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Deciphering the genetics behind maize's odorous cry for help

press release of January 17, 2006

A German-Swiss study involving the National Centre of Competence in Research (NCCR) Plant Survival has revealed the genetic basis of a chemical stress signal emitted by maize after being attacked by herbivorous larvae. This signal is used to attract parasitic wasps that come to the plant's rescue by laying their eggs in the pest larvae. The study appeared this week in the prestigious American journal "Proceedings of the National Academy of Sciences" (PNAS)*.

For several years now, we know that many plants, in response to attacks by insect pests, release volatile substances that attract the enemies of the pests. This was first demonstrated for maize leaves on which caterpillars were feeding. With the support of the NCCR Plant Survival, Ted Turlings' team at the University of Neuchâtel (Switzerland) joined Joerg Degenhardt and his team at the Max Planck Institute for Chemical Ecology in Jena (Germany) to identify a gene in maize producing the specific cocktail of perfumes that attract females of the beneficial wasp Cotesia marginiventris.

To prove that only one gene is sufficient to generate the appropriate signal, the Jena team inserted the gene in Arabidopsis thaliana, a model plant widely used in laboratory research. Result: the model plant emits the same chemical compounds as a wounded maize plant.

To test this signal's attractant capabilities, a device from the University of Neuchâtel was used. The Cotesia wasps were placed in the centre of a six-arm olfactometer, which looks like a glass octopus and is used to measure the attractiveness of odorous signal. At the arms' extremities different odour source combinations can be tested: a plant that emits a signal or not, in the absence of or in the presence of the pest caterpillar.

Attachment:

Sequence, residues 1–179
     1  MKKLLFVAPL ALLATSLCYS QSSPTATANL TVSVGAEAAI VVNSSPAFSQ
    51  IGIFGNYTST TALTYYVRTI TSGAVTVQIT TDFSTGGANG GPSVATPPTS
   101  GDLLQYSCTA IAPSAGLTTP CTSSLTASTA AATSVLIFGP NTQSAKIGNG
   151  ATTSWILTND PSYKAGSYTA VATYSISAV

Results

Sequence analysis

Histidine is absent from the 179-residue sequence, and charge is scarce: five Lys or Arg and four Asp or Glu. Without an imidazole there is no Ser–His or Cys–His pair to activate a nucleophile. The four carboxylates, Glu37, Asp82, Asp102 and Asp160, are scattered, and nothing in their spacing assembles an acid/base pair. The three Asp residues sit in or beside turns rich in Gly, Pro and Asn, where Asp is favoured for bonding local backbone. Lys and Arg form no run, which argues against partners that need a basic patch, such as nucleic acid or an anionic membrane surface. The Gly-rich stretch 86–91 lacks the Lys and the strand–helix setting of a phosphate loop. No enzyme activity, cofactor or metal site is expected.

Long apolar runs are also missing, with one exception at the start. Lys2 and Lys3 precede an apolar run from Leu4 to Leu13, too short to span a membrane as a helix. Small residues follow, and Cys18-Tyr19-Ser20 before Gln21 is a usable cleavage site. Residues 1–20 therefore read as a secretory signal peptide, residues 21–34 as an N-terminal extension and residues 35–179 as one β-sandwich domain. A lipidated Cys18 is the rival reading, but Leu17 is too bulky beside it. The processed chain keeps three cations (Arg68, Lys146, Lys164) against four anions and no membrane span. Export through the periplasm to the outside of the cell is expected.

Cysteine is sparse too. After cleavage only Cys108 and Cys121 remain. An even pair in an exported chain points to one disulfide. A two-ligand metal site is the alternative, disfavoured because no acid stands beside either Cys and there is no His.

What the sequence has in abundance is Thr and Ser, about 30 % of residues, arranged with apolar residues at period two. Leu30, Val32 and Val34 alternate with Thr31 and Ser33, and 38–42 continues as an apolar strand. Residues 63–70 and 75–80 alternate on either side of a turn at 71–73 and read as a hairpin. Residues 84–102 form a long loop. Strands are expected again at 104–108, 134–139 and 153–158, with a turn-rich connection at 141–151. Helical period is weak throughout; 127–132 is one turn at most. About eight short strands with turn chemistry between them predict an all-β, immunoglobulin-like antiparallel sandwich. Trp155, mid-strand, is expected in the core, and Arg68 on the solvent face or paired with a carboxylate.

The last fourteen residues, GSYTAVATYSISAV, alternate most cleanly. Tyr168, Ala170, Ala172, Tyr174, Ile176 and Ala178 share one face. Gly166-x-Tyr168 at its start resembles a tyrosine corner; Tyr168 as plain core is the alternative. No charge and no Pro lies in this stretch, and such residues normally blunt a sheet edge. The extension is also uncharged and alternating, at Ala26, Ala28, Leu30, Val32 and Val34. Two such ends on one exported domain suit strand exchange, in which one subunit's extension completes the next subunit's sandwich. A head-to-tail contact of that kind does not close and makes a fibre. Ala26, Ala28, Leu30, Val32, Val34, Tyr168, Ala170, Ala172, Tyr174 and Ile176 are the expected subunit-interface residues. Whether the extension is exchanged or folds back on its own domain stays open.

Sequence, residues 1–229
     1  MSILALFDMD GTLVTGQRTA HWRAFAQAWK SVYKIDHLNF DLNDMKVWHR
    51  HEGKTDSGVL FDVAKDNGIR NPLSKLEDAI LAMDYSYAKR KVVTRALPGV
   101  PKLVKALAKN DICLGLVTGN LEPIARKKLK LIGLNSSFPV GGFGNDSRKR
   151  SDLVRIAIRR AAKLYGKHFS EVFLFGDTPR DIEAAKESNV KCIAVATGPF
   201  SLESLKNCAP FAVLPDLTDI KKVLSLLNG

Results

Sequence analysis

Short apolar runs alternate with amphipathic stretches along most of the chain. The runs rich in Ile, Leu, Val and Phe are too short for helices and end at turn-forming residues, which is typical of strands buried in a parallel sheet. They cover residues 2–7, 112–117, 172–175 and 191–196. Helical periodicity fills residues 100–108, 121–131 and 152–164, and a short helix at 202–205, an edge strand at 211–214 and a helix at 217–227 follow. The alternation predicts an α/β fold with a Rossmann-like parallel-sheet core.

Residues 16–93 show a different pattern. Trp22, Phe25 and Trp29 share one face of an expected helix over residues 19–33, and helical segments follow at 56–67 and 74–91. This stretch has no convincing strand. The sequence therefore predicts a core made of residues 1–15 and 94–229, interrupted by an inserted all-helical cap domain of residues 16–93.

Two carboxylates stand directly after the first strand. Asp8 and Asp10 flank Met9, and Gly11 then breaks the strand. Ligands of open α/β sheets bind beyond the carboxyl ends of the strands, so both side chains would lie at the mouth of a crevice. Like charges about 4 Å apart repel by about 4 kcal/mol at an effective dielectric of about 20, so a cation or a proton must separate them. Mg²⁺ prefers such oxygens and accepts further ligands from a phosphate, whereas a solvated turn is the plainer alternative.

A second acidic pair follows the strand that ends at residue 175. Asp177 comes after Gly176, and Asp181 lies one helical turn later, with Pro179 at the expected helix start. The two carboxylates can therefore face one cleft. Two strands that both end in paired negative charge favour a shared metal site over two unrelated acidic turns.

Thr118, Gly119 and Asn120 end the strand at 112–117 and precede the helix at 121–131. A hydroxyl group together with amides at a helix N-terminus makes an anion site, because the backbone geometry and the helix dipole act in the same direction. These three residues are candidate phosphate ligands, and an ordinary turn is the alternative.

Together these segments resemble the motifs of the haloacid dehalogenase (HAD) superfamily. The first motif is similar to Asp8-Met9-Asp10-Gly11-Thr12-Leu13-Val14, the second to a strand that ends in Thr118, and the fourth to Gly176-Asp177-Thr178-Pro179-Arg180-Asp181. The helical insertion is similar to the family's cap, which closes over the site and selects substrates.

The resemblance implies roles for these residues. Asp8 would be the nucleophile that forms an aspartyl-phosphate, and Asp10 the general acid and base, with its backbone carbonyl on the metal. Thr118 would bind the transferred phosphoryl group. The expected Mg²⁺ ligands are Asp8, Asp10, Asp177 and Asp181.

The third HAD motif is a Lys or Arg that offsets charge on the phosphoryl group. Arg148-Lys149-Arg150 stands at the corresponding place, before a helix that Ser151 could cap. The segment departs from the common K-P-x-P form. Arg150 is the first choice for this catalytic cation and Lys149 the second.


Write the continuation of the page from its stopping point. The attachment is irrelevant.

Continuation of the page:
The experiment revealed that the Cotesia wasps are indeed attracted by the chemical signal, however there's a condition attached. In order for the wasp to react, it must have had the opportunity to associate the bouquet of perfumes with the caterpillar's presence. Without this "learning" experience, wasps showed not preference for a particular plant odour and many remained immobile in the centre of the olfactometer.

This research offers promising prospects for the use of biological control methods in regions where maize is grown, such as in Mexico where caterpillars cause considerable damage to the crops. It may also contribute towards the reduction of pesticide use.

In April of 2005 Ted Turlings' team had already distinguished itself by identifying the volatile substances emitted in the soil when Diabrotica virgifera virgifera larvae attacked maize roots. The purpose of this cry for help is to attract tiny worms (nematodes) in the soil that will infect and kill the pest larvae.

*Original Article:

The products of a single maize sesquiterpene synthase form a volatile defense signal that attracts natural enemies of maize herbivores

Christiane Schnee*, Tobias G. Köllner*, Matthias Held, Ted C. J. Turlings, Jonathan Gershenzon*,
and Jörg Degenhardt*

*Max Planck Institute for Chemical Ecology, Hans-Knöll Strasse 8, Jena D-07745, Germany; and
Laboratory of Evolutionary Entomology, Institute of Zoology, University of Neuchatel,
Emile-Argand 11-CP2, Neuchatel CH-2007, Switzerland

contacts

Dr. Ted Turlings
University of Neuchâtel
Tel. +41 32 718 3158
ted.turlings@unine.ch

Dr. Matthias Held
University of Neuchâtel
Tel. +41 32 718 3008
matthias.held@unine.ch